It’s Time to Execute the Death Penalty


Media by Lauren Pickett

The nation is running out of time to end federal executions and abolish the death penalty and strive towards a sense of humanity and dignity in the criminal justice system. The legacy of the U.S. is stained by the unprecedented rate of barbaric federal executions onto the imprisoned that are not limited to the “worst of the worst”. As a leading country for capital punishment, the U.S. is regressing while over 50 percent of countries that have abolished the death penalty, as stated by Amnesty International, are progressing.

I was frozen in time, grief-stricken and directionless since the night I learned Brandon Bernard, a federal prisoner, was declared dead. 

Bernard, 40, was executed by lethal injection following a Supreme Court rejection to a grant stay to his execution despite a national outcry from human rights groups, the trial jurors and the former prosecutor regarding new evidence suppressed by the prosecution that further diminished his role in the crime and his poor defense representation. 

Bernard, who was 18 years old at the time of his crime, is one of the first individuals executed under a lame duck president in more than 130 years and the youngest offender executed by the federal government in at least 68 years. 

Alfred Bourgeois, 56, was executed Friday, Dec. 11, bringing the number of federal executions since July to 10—the highest in a year since 1896—after the 17-year execution hiatus was ended by the Trump Administration. 

For the first time in history, the U.S. government carried out more civilian executions in a year than all states combined, according to the Death Penalty Information Center (DPIC).

The Trump administration has three more executions scheduled ahead of the Inauguration Day, Wednesday, Jan. 20. Four of the five inmates set to die are Black men, except for Lisa Montgomery, 52, who would be the first woman executed by the federal government in nearly six decades. Her execution is set for Tuesday, Jan. 12.

The rapid, state-sanctioned murder of inmates prior to President-elect Joe Biden’s presidency is senseless, disturbing and dishonorable. Capital punishment, which is more costly than incarceration and fails to improve public safety, must be abolished. This is due to its history of racial bias, inadequate counsel, problematic executions and exoneration rates.

The death penalty was instrumental in the racial terror lynching originating in centuries of slavery. Black Americans generally ranged between 9 to 19 percent of the U.S. population since the 1700s, but they accounted for 47.5 percent of recorded executions between 1608 and 2019, according to information compiled in the Espy File.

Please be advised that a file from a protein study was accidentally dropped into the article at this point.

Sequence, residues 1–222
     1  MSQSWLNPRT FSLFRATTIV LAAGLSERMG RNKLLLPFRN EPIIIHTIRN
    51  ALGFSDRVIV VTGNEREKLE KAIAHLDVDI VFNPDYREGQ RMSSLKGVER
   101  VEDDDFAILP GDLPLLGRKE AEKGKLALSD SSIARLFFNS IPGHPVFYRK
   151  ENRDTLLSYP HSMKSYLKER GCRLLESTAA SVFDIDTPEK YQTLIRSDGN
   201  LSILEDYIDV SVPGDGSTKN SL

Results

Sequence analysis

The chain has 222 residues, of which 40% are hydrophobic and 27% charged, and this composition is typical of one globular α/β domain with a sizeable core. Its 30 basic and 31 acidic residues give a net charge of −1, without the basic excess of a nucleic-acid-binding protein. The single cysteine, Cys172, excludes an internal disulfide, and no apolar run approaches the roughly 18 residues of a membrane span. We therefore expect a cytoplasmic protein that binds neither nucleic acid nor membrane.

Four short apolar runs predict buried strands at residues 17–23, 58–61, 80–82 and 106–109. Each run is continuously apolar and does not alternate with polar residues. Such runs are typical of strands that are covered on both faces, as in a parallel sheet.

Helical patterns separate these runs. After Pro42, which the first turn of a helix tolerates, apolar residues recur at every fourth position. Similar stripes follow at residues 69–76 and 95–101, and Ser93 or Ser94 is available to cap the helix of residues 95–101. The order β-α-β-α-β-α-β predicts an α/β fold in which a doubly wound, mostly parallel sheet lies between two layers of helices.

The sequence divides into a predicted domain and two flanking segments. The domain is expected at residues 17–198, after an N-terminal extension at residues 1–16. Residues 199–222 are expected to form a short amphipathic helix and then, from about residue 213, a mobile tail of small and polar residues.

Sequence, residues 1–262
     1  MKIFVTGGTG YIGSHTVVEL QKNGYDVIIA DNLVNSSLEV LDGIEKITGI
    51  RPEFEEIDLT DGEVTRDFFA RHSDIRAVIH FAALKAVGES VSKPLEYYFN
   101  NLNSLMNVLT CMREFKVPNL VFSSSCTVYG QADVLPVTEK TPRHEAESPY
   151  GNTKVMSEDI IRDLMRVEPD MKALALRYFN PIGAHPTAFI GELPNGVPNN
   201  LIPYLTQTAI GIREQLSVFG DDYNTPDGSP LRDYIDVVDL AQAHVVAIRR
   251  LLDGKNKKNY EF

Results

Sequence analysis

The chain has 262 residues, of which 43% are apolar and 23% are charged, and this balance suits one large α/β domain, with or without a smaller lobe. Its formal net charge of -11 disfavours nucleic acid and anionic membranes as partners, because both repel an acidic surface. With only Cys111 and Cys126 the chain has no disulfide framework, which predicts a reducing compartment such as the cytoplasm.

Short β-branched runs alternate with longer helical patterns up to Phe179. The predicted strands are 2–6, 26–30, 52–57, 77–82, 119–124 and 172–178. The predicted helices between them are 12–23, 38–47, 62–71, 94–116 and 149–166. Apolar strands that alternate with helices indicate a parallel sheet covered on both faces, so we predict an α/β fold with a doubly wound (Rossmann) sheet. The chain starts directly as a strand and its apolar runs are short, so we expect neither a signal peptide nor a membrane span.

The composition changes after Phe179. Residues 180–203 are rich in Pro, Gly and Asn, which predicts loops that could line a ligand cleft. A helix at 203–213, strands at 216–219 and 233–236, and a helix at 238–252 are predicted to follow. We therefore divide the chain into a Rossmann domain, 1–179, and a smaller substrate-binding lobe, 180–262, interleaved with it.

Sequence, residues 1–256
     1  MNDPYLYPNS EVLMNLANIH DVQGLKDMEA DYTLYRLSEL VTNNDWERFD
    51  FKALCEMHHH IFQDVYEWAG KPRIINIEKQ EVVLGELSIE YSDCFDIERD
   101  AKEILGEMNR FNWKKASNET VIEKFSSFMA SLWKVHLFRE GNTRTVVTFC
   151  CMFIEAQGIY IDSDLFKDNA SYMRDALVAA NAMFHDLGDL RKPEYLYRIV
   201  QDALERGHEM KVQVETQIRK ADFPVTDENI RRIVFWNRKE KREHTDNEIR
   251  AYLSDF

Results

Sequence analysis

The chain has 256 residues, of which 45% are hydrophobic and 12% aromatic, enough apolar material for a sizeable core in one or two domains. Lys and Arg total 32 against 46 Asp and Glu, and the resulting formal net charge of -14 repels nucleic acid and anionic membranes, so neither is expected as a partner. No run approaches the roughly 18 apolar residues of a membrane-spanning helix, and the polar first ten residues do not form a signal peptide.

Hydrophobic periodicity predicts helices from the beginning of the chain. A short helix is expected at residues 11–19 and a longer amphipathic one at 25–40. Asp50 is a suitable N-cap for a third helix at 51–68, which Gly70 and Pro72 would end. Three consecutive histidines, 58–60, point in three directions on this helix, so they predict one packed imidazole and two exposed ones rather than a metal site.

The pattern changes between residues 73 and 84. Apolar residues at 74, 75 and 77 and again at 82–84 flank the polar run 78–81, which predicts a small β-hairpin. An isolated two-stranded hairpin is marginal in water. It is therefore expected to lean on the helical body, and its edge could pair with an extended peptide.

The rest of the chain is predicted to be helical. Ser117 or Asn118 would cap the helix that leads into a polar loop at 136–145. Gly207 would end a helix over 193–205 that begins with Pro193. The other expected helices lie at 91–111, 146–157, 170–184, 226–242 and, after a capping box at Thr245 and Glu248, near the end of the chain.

Media by Lauren Pickett

Inadequate lawyers to capital defendants contribute to wrongful convictions as the decision to sentence a defendant to death depends on the defendant’s ability to afford quality counsel, according to the Equal Justice Initiative. 

Also, multiple individuals, like Bernard, were executed under the age of 21, where brain development of the social-emotional and cognitive control systems and executive function is indistinguishable from juvenile offenders exempt from execution. Recent neuroscience research provides evidence that immature brain functioning influences the tendency of criminal behavior.

Lastly, for every nine people executed in this country, one person has been exonerated, and this does not include those who were executed despite compelling evidence of innocence or who were found to be innocent after their execution.

Lethal injection is modernized public lynching, where capital punishment can be conducted behind closed doors, allowing the rest of the nation to be shielded from its cruelty. Utilizing only life imprisonment without parole sentences allows for leverage in the event of a wrongful conviction without the barbaric, biased and inhumane revocation of citizens’ lives. 

It is time for society to continue the work for change during a summer of demonstrations for racial equality in the streets to a winter of political and social advocacy directed at political changemakers in the White House and the U.S. Capitol. 

The Biden Administration must be held accountable in upholding their claims to abolish the death penalty and be pressured to sign executive orders to halt federal executions in his first 100 days in office.

There is less than a month until the next federal execution, but society still has a chance to save a life by changing public discourse on the death penalty and writing letters and signing petitions in opposition of future executions to the president and members of the U.S. Congress.